Certainly an Englishman, it was more doubtful whether Phileas Fogg was a Londoner. He was never seen on ’Change, nor at the Bank, nor in the counting-rooms of the “City;” no ships ever came into London docks of which he was the owner; he had no public employment; he had never been entered at any of the Inns of Court, either at the Temple, or Lincoln’s Inn, or Gray’s Inn; nor had his voice ever resounded in the Court of Chancery, or in the Exchequer, or the Queen’s Bench, or the Ecclesiastical Courts. He certainly was not a manufacturer; nor was he a merchant or a gentleman farmer. His name was strange to the scientific and learned societies, and he never was known to take part in the sage deliberations of the Royal Institution or the London Institution, the Artisan’s Association or the Institution of Arts and Sciences. He belonged, in fact, to none of the numerous societies which swarm in the English capital, from the Harmonic to that of the Entomologists, founded mainly for the purpose of abolishing pernicious insects.

Phileas Fogg was a member of the Reform, and that was all.

The way in which he got admission to this exclusive club was simple enough.

He was recommended by the Barings, with whom he had an open credit. His checks were regularly paid at sight from his account current, which was always flush.

Was Phileas Fogg rich? Undoubtedly. But those who knew him best could not imagine how he had made his fortune, and Mr. Fogg was the last person to whom to apply for the information. He was not lavish, nor, on the contrary, avaricious; for whenever he knew that money was needed for a noble, useful, or benevolent purpose, he supplied it quickly, and sometimes anonymously. He was, in short, the least communicative of men. He talked very little, and seemed all the more mysterious for his taciturn manner. His daily habits were quite open to observation; but whatever he did was so exactly the same thing that he had always done before, that the wits of the curious were fairly puzzled.

Had he travelled? It was likely, for no one seemed to know the world more familiarly; there was no spot so secluded that he did not appear to have an intimate acquaintance with it. He often corrected, with a few clear words, the thousand conjectures advanced by members of the club as to lost and unheard-of travellers, pointing out the true probabilities, and seeming as if gifted with a sort of second sight, so often did events justify his predictions. He must have travelled everywhere, at least in the spirit.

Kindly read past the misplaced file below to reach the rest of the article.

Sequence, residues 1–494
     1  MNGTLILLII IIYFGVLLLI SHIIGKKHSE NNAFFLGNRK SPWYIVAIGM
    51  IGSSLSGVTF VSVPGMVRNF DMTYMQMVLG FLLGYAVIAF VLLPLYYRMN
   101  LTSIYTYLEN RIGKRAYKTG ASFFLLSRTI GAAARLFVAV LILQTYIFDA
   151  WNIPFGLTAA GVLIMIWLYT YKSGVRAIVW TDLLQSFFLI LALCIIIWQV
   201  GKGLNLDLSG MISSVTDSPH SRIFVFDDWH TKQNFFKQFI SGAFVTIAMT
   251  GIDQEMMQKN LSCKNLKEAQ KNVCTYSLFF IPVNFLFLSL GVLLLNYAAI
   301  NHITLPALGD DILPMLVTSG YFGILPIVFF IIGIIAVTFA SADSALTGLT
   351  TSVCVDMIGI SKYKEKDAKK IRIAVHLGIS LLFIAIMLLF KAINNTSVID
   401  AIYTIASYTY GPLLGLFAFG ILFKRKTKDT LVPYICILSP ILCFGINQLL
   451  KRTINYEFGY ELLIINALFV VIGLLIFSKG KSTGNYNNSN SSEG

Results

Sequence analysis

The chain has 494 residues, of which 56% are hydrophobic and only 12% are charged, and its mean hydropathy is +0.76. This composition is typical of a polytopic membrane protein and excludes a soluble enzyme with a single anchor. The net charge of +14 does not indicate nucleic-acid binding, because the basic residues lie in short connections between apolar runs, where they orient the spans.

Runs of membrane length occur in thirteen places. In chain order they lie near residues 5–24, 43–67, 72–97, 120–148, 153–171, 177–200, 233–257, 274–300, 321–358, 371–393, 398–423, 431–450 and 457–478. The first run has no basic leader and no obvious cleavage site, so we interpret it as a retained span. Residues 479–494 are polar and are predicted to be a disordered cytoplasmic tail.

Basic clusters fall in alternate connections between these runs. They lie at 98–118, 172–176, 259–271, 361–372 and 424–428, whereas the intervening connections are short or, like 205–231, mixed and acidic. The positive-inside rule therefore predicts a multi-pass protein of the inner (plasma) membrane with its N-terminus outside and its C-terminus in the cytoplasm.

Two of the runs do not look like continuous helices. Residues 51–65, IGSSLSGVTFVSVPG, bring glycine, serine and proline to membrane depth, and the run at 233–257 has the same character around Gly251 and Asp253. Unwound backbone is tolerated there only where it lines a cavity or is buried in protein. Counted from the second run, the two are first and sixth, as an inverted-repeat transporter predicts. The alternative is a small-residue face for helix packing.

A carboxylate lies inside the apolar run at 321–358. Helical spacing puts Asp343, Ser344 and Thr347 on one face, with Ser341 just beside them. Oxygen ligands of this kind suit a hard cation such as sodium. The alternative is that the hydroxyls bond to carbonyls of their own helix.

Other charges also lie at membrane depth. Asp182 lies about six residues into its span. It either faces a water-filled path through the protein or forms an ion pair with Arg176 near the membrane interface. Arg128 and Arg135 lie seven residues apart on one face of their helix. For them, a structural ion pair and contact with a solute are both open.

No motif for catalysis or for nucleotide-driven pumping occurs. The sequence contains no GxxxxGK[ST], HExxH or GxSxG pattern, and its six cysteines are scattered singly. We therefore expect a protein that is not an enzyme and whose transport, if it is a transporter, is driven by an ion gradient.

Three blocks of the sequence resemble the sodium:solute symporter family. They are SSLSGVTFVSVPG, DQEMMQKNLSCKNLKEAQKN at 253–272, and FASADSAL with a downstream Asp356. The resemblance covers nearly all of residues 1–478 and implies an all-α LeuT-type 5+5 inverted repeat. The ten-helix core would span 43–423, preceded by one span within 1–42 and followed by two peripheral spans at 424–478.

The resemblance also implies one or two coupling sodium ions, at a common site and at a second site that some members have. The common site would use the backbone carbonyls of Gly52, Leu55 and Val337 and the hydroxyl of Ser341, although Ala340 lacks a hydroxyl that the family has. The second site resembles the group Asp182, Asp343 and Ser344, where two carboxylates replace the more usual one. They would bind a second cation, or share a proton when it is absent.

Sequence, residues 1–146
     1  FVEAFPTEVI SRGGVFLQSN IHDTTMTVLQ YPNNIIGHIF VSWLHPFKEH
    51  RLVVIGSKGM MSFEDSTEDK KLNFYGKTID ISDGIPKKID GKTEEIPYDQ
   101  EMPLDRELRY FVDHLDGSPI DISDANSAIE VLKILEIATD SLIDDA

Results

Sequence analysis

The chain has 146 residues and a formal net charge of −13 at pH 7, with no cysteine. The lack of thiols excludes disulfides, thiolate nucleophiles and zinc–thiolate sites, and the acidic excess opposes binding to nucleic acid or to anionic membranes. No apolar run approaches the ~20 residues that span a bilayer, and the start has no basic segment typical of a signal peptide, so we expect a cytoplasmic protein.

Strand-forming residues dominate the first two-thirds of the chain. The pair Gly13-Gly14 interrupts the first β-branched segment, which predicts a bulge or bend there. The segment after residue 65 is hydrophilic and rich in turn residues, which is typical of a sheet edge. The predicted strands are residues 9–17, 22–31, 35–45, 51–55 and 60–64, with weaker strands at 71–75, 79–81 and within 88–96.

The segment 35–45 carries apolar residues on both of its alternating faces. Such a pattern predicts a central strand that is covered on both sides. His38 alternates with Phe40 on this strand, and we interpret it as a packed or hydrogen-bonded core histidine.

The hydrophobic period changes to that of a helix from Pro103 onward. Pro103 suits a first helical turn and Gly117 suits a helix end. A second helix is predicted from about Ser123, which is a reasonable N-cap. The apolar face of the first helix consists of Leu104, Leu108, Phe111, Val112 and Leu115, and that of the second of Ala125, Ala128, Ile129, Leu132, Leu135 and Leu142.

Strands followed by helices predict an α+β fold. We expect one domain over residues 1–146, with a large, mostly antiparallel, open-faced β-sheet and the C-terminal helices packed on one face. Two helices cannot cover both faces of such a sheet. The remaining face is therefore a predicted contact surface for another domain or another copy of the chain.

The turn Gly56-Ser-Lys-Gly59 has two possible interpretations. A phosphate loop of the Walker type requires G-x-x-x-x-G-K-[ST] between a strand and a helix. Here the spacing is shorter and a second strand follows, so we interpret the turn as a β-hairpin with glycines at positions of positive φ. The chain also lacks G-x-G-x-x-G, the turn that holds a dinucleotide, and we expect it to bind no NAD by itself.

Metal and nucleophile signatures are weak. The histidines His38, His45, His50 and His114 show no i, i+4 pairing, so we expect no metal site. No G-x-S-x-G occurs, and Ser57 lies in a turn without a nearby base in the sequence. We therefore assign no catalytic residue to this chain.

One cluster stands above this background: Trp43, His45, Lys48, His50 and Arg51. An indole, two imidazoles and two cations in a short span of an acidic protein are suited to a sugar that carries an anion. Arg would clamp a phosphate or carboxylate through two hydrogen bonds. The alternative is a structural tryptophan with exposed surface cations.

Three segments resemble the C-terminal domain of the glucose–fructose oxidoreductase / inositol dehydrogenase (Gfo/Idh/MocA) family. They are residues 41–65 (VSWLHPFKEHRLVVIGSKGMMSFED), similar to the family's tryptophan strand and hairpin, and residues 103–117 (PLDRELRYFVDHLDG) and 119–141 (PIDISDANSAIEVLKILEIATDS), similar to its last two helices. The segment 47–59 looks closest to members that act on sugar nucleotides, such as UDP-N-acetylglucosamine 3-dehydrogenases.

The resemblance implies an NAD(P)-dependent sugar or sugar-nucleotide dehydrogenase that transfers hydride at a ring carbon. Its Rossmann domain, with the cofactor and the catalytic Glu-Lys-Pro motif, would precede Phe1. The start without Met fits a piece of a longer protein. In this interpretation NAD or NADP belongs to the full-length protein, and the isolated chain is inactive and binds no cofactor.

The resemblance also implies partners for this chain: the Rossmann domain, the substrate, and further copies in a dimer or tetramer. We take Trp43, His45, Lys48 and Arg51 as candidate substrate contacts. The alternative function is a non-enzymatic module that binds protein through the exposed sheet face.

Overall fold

It was at least certain that Phileas Fogg had not absented himself from London for many years. Those who were honoured by a better acquaintance with him than the rest, declared that nobody could pretend to have ever seen him anywhere else. His sole pastimes were reading the papers and playing whist. He often won at this game, which, as a silent one, harmonized with his nature; but his winnings never went into his purse, being reserved as a fund for his charities. Mr. Fogg played, not to win, but for the sake of playing. The game was in his eyes a contest, a struggle with a difficulty, yet a motionless, unwearying struggle, congenial to his tastes.

Phileas Fogg was not known to have either wife or children, which may happen to the most honest people;

either relatives or near friends, which is certainly more unusual. He lived alone in his house in Saville Row, whither none penetrated. A single domestic sufficed to serve him. He breakfasted and dined at the club, at hours mathematically fixed, in the same room, at the same table, never taking his meals with other members, much less bringing a guest with him; and went home at exactly midnight, only to retire at once to bed. He never used the cosy chambers which the Reform provides for its favoured members. He passed ten hours out of the twenty-four in Saville Row, either in sleeping or making his toilet. When he chose to take a walk, it was with a regular step in the entrance hall with its mosaic flooring, or in the circular gallery with its dome supported by twenty red porphyry Ionic columns, and illumined by blue painted windows. When he breakfasted or dined, all the resources of the club—its kitchens and pantries, its buttery and dairy—aided to crowd his table with their most succulent stores; he was served by the gravest waiters, in dress coats, and shoes with swan-skin soles, who proffered the viands in special porcelain, and on the finest linen; club decanters, of a lost mould, contained his sherry, his port, and his cinnamon-spiced claret; while his beverages were refreshingly cooled with ice, brought at great cost from the American lakes.

If to live in this style is to be eccentric, it must be confessed that there is something good in eccentricity!